In accordance with man pages:

  • apt has parameter full-upgrade
  • apt-get has parameter dist-upgrade.

Are both the same command?

btw: which is officially the recommended command in Ubuntu 16.04? apt or apt-get?


apt full-upgrade performs the same function as apt-get dist-upgrade.

man apt

full-upgrade (apt-get(8)) performs the function of upgrade but will remove currently installed packages if this is needed to upgrade the system as a whole.

man apt-get

dist-upgrade in addition to performing the function of upgrade, also intelligently handles changing dependencies with new versions of packages; apt-get has a "smart" conflict resolution system, and it will attempt to upgrade the most important packages at the expense of less important ones if necessary. The dist-upgrade command may therefore remove some packages. The /etc/apt/sources.list file contains a list of locations from which to retrieve desired package files. See also apt_preferences(5) for a mechanism for overriding the general settings for individual packages.

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    Why create confusion with a new name that does the same thing? You can do either apt dist-upgrade (I just tried it) or you can do apt full-upgrade and you are saying they do the same thing. – Z boson Jan 24 '17 at 20:56
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    "full-upgrade" is about removing installed packages when necessary, while "dist-upgrade" is about "intelligently handling changing dependencies with new versions of packages", how is it the same function ? – Tristan Jan 25 '17 at 12:06
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    It's the same function. It's just an alias in apt for the apt-get command. sources.debian.org/src/apt/1.6.1/cmdline/apt.cc/?hl=74#L74 (the actual macro invoked seems to be missing from the repo though). – Iain Collins May 14 '18 at 0:44
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    @Zboson The reason for the new name is that the "dist-upgrade" name was itself extremely confusing for many users: while it was named that because it was something you needed when upgrading between distribution releases, it sounded too much as though it was only for use in that circumstance, whereas in fact it's much more broadly applicable. – Colin Watson May 19 '19 at 23:17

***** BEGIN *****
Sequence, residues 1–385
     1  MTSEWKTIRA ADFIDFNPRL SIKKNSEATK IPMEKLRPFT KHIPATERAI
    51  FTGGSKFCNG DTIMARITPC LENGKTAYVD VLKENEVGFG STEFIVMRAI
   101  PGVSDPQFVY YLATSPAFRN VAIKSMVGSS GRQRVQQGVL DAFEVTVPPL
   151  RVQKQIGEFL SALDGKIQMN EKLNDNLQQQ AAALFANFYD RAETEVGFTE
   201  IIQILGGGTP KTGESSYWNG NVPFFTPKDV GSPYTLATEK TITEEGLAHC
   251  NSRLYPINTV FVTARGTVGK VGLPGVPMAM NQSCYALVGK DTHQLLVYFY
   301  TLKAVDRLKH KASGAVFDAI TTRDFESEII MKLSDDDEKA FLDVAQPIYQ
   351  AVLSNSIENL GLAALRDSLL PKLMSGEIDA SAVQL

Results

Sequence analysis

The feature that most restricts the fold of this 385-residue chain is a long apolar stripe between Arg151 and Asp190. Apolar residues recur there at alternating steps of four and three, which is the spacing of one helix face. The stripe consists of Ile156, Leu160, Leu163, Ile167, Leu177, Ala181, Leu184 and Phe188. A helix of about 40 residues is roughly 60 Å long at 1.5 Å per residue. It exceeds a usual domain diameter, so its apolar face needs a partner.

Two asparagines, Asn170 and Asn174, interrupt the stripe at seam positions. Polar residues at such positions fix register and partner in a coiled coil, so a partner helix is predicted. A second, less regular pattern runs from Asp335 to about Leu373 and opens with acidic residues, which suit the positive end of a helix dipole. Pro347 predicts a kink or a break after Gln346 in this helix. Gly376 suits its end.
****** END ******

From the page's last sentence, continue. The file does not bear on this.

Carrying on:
Use apt as a first choice, but if you're scripting use apt-get. Apt-get has more stable output (meaning that the output format is left alone as much as possible so as not to break scripts which parse that output automatically). Apt-get also has some low-level commands not available in apt.

The manual pages for apt and apt-get describe full-upgrade and dist-upgrade a little differently, but they are probably the same command (apt accepts dist-upgrade as an alias of full-upgrade). This serves as a good example of apt-gets stability. In apt, the name was changed to be more user friendly, while in apt-get the name remains unchanged so as not to break compatibility with old scripts.


Yes they are the same command. This part of apt's cmdline/apt.cc source file proves it:

static std::vector<aptDispatchWithHelp> GetCommands()            /*{{{*/
   return {
      // [snip]
      // system wide stuff
      {"update", &DoUpdate, _("update list of available packages")},
      {"upgrade", &DoUpgrade, _("upgrade the system by installing/upgrading packages")},
      {"full-upgrade", &DoDistUpgrade, _("upgrade the system by removing/installing/upgrading packages")},
      // misc
      {"edit-sources", &EditSources, _("edit the source information file")},
      {"moo", &DoMoo, nullptr},
      // for compat with muscle memory
      {"dist-upgrade", &DoDistUpgrade, nullptr},
      // [snip]

And for completeness, cmdline/apt-get.cc:

static std::vector<aptDispatchWithHelp> GetCommands()           /*{{{*/
   return {
      // [snip]
      {"dist-upgrade", &DoDistUpgrade, _("Distribution upgrade, see apt-get(8)")},
      {"full-upgrade", &DoDistUpgrade, nullptr},
      // [snip]

For both apt and apt-get, full-upgrade and dist-upgrade both refer to the same DoDistUpgrade function and therefore do the exact same thing.

I first posted this info to complement schod's answer in an edit, but it was rejected so I'm answering myself instead...


apt and apt-get are two different commands. apt is the newer command and should be used as default. You should change to using apt over apt-get as apt is better.

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    Why/how is it better? – mafrosis Jul 10 '19 at 10:29
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    From apt man page: The apt(8) commandline is designed as an end-user tool and it may change behavior between versions. While it tries not to break backward compatibility this is not guaranteed either if a change seems beneficial for interactive use. – Lokesh Nov 29 '19 at 5:56
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    I disagree, on should use apt if one uses it directly from the command line. But use apt-get in scripts. This because the latter has a stable command line interface, but the former might change as mentioned by Lokesh. Apt is not better it is just meant to be more user friendly – M.D. Feb 11 '20 at 15:25

Apt is the newer version of the command. You should switch to using apt instead of apt-get its better and gives better idea of what the command is doing.

As for apt-full-upgrade and apt-get-dist its the same command. But again apt is the newer command.

For example when using apt you get a progress bar to tell you how much of the install/update is done.

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